The Taliban applauded the global community Tuesday for pledging hundreds of millions of dollars in emergency assistance to Afghanistan but dismissed criticism of their week-old interim government by the United States and others.
Speaking to reporters in Kabul, the Taliban government’s acting foreign minister, Amir Khan Muttaqi, promised the group will ensure aid reaches those who need it in a “completely transparent manner.”
Decades of conflict, severe drought and the coronavirus pandemic have pushed the already impoverished country to the brink. Conditions have worsened since the Taliban swept back to power last month as the American and Western allied troops withdrew and foreign aid dried up.
Last week, the Islamist group announced an interim government in Kabul.
An international conference in Geneva on Monday saw donors pledge more than $1 billion in aid to help ease the worsening humanitarian crises facing the country. The United Nations has warned the Afghan economy is on the verge of collapse and millions of peoples could soon run out of food.
“The Afghan people are in desperate need of help but this humanitarian aid should not be linked to any political reasons,” Muttaqi insisted. He also urged the world to unfreeze Afghanistan’s assets to enable Kabul use its own money to avert a worsening humanitarian crisis.
Since the Taliban takeover, the World Bank and International Monetary Fund have halted the country’s access to funding, while the United States has frozen billions of dollars held in its reserve for Kabul.
Washington and the global community at large are reluctant to recognize the male-only and exclusively Taliban-led government, in which several top position holders are blacklisted by the U.S. and the U.N.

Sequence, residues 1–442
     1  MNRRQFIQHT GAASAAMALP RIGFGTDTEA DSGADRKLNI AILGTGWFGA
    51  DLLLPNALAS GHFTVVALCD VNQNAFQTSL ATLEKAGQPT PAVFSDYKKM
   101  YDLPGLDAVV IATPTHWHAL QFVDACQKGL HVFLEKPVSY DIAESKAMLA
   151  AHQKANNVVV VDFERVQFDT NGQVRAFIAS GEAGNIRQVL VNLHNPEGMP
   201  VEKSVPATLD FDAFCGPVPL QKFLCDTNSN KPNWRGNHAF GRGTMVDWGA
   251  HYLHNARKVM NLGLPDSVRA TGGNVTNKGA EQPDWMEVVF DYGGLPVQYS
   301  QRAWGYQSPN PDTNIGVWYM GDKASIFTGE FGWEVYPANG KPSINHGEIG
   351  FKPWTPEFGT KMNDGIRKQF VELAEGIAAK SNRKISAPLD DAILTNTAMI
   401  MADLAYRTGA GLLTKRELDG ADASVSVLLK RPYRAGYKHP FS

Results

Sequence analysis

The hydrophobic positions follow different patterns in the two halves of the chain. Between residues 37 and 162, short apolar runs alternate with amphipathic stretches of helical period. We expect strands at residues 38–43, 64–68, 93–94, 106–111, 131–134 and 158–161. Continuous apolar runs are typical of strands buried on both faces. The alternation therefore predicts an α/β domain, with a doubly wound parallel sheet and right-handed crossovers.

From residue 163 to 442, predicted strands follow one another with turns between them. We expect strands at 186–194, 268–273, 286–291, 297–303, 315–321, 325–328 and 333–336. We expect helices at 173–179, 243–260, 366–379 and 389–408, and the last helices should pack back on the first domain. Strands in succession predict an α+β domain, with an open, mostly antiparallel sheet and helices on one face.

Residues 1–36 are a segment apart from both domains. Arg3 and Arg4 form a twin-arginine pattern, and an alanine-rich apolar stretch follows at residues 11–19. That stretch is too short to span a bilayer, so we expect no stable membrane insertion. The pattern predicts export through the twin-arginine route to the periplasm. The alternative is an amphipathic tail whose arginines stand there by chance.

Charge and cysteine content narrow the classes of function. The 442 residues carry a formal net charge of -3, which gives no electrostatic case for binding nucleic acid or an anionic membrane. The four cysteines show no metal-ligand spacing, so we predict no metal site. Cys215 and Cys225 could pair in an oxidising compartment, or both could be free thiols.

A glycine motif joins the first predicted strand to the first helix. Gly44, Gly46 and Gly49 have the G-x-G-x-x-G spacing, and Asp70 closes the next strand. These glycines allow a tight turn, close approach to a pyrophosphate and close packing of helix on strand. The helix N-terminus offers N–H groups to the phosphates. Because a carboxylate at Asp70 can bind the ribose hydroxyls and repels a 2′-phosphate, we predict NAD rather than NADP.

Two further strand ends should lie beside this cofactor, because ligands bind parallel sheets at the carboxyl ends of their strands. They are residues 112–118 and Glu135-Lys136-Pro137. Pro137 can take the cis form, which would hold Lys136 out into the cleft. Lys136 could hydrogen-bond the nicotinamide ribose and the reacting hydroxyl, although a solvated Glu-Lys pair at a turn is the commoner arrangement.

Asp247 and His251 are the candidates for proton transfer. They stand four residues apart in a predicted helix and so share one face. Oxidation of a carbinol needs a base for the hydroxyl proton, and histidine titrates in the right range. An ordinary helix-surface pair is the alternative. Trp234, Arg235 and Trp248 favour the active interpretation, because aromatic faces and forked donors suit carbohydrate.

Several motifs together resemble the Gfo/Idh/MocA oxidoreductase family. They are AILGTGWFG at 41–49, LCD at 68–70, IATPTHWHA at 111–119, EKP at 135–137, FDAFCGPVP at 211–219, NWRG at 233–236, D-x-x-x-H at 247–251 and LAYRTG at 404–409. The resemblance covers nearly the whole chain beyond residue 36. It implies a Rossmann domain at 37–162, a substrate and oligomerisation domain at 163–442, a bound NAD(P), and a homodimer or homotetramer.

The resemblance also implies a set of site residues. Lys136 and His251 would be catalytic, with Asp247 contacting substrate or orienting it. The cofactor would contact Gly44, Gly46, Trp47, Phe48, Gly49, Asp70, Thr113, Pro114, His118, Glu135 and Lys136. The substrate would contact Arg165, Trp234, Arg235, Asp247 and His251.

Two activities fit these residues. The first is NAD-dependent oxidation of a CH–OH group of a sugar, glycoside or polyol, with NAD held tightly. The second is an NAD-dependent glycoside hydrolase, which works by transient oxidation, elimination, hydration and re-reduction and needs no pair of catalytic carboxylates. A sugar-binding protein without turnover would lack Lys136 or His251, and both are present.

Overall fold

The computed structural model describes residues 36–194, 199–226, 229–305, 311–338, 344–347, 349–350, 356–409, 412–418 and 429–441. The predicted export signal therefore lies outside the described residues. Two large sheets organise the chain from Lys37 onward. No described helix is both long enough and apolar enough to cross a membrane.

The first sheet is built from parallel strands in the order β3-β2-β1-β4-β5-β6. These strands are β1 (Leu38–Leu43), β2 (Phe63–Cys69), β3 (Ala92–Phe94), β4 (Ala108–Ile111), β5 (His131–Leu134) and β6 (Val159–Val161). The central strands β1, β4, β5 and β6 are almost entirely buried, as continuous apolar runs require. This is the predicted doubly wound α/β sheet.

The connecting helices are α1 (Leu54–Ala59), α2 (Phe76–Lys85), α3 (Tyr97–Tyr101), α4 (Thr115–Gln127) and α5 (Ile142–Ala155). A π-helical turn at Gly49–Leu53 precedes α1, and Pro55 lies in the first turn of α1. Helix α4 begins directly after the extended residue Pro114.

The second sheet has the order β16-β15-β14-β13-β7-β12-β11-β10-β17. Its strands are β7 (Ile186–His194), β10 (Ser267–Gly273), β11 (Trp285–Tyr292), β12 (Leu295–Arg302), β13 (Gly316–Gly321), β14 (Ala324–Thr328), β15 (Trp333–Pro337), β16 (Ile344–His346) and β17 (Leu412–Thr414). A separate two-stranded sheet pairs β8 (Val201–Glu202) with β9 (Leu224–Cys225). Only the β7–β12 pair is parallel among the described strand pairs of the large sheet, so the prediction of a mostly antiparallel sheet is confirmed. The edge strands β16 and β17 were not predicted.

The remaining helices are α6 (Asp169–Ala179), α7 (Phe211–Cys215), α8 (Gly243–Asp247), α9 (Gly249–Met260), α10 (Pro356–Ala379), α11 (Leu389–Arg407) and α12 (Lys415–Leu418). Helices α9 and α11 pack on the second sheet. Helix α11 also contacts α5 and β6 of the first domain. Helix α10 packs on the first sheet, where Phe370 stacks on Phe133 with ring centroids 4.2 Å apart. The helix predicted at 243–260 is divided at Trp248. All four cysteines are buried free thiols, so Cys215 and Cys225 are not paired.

On Monday, Secretary of State Antony Blinken reiterated that Washington’s direct diplomatic engagement with any Taliban-led government will be linked to whether it upholds the Taliban’s commitments to combat terrorism and support human rights, including those of women and minorities.
“The interim government named by the Taliban falls very short of the mark that was set by the international community for inclusivity, a government that was broadly representative of the Afghan people, not just the Taliban and its constituency, and to include women. It includes many key members who have very challenging track records,” said Blinken.
Muttaqi dismissed those objections as “not just and unfair,” and again gave assurances to the international community that the Taliban will uphold human rights of all Afghans in line with “well-established” local traditions.
“Our government is fully inclusive. It clearly represents all segment of the Afghan society. As you all know, this is an interim government and we intend to make positive changes in it,” said the acting foreign minister. “We will not allow anyone or any groups to use our soil against any other countries,” he added.
Muttaqi asked Washington to show praise for the Taliban for allowing the U.S. to complete a troop withdrawal and evacuate more than 120,000 people by the August 31 deadline. “America is a big country, they need to have a big heart,” he said.
U.N. Secretary-General Antonio Guterres, while addressing Monday’s humanitarian conference in Geneva, underscored the importance of engaging with the Taliban, saying he believed aid could be used as leverage to press the hard-line group to protect the basic rights of Afghans.
"It is impossible to provide humanitarian assistance inside Afghanistan without engaging with the de facto authorities,” said Guterres.
During their past government from 1996 to 2001, the Taliban introduced a strict interpretation of Islamic law in the country and enforced a brutal justice system, barred women from public life and girls from receiving an education.